one of them a little, twisted fellow with an air of authority and several keys in his hand, the
other two tall young servants in a smart livery. As I listened to their talk I saw that the small
man was the steward of the house, and that the others were under his orders.
There were four of them, then, but the little steward might be left out of the reckoning. Had I a
weapon I should have smiled at such odds as those. But, hand to hand, I was no match for the
one even without three others to aid him. Cunning, then, not force, must be my aid. I wished to
look round for some mode of escape, and in doing so I gave an almost imperceptible movement
of my head. Slight as it was it did not escape my guardians.
Come, wake up, wake up! cried the steward.
Get on your feet, little Frenchman, growled the gondolier. Get up, I say, and for the second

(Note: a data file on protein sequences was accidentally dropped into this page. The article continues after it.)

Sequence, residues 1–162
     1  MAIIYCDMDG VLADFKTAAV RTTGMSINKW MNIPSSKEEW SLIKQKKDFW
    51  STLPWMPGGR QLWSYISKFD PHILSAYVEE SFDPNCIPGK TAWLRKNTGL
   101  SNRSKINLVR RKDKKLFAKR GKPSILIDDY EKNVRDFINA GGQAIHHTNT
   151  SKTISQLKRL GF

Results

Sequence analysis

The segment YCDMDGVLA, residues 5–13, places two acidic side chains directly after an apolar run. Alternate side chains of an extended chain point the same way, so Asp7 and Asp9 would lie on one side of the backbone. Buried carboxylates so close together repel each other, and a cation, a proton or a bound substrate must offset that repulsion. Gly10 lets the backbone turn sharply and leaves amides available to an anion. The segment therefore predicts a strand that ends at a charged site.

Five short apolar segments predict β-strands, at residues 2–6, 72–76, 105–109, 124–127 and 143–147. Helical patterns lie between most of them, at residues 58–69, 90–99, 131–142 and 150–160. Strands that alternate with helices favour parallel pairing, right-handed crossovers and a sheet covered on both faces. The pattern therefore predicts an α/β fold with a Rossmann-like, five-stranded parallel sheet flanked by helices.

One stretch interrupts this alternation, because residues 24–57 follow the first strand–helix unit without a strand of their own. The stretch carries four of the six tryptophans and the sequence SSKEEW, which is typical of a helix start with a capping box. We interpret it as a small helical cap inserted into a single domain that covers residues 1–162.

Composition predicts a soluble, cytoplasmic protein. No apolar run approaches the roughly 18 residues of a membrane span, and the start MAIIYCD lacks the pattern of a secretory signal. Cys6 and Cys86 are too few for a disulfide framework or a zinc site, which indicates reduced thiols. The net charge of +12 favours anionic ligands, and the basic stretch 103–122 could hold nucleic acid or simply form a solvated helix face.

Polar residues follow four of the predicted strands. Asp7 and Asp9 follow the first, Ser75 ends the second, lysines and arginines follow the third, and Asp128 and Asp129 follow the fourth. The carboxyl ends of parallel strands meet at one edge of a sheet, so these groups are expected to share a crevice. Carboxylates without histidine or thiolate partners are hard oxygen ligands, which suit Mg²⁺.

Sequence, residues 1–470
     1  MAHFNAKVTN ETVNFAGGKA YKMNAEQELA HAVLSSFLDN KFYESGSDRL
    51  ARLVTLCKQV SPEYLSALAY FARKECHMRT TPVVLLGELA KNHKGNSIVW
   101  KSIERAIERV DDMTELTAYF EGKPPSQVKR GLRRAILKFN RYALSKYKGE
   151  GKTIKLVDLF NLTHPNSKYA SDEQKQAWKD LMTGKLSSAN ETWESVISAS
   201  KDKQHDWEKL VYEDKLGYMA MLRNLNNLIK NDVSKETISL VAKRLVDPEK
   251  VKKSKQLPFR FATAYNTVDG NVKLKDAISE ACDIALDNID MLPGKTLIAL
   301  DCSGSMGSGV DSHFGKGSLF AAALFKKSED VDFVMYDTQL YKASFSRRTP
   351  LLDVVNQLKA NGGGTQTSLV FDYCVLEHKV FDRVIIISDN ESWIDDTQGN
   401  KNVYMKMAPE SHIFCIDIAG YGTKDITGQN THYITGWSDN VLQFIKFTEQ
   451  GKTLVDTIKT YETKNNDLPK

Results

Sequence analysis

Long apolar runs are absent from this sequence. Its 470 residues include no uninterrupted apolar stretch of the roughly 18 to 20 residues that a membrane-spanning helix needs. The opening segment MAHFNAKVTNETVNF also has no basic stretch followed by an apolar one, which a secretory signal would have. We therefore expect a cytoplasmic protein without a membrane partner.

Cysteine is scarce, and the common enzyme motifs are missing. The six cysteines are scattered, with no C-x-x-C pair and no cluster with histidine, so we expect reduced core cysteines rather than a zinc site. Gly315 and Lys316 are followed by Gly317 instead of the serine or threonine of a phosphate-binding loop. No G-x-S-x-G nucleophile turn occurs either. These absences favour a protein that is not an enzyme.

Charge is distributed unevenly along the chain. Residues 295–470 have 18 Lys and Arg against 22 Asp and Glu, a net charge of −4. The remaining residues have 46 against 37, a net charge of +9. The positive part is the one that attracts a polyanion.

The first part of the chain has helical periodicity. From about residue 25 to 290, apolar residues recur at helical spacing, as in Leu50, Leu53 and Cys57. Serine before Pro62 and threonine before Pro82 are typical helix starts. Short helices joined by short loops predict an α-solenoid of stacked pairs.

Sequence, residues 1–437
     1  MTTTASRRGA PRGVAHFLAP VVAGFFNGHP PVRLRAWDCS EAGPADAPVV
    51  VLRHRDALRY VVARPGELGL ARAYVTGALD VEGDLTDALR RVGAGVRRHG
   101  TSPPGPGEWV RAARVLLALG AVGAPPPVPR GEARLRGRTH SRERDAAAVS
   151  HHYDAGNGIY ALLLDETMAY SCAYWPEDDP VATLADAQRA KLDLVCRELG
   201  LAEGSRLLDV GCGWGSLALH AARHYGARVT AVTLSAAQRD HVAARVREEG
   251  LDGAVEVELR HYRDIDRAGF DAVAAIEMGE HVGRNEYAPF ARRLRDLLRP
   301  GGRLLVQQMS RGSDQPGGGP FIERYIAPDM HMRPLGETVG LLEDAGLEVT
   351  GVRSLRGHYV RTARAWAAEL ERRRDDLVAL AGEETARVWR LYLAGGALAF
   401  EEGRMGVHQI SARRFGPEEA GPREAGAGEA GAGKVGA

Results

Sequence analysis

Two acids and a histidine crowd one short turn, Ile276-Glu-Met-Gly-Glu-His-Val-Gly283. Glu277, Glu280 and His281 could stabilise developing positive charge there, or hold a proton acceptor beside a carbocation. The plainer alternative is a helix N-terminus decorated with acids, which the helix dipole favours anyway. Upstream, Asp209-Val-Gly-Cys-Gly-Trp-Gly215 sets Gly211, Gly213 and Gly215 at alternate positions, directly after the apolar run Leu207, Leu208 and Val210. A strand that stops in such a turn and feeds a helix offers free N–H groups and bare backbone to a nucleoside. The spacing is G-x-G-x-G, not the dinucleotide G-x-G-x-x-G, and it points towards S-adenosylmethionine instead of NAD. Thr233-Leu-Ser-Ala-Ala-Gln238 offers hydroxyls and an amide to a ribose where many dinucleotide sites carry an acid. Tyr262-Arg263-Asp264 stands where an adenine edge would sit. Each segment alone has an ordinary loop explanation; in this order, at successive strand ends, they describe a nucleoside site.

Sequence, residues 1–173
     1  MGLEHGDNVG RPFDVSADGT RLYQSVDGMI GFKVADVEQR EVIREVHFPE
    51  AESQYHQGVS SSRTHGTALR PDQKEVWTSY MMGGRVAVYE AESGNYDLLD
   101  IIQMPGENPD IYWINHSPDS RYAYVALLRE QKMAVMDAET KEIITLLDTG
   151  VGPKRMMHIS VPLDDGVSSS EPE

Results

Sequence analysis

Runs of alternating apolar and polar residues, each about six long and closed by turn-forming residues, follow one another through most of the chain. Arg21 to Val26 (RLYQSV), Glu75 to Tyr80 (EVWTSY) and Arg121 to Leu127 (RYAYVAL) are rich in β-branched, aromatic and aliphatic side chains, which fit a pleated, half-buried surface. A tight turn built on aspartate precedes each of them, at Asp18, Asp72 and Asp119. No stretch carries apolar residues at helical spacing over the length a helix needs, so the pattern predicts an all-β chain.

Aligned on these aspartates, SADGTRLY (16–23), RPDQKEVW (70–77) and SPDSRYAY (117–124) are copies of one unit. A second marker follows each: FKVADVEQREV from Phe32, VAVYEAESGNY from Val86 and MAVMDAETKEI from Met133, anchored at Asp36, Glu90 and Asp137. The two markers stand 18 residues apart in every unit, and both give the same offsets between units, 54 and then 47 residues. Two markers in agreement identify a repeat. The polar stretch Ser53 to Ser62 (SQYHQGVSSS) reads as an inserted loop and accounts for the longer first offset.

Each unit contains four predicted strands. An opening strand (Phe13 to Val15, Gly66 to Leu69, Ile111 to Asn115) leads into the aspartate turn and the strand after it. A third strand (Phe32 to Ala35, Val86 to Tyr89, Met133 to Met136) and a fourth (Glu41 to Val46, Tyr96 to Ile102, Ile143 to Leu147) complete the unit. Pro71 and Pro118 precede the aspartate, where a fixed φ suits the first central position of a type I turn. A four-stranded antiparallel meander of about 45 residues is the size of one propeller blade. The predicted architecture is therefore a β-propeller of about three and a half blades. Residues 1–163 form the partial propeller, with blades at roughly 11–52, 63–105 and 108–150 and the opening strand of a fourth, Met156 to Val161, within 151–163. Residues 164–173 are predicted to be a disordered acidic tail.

time he spurned me with his foot.
Never in the world was a command obeyed so promptly as that one. In an instant I had bounded
to my feet and rushed as hard as I could to the back of the hall. They were after me as I have
seen the English hounds follow a fox, but there was a long passage down which I tore.
It turned to the left and again to the left, and then I found myself back in the hall once more.
They were almost within touch of me and there was no time for thought. I turned toward the
staircase, but two men were coming down it. I dodged back and tried the door through which I
had been brought, but it was fastened with great bars and I could not loosen them. The gondolier
was on me with his knife, but I met him with a kick on the body which stretched him on his
back. His dagger flew with a clatter across the marble floor. I had no time to seize it, for there
were half a dozen of them now clutching at me. As I rushed through them the little steward
thrust his leg before me and I fell with a crash, but I was up in an instant, and breaking from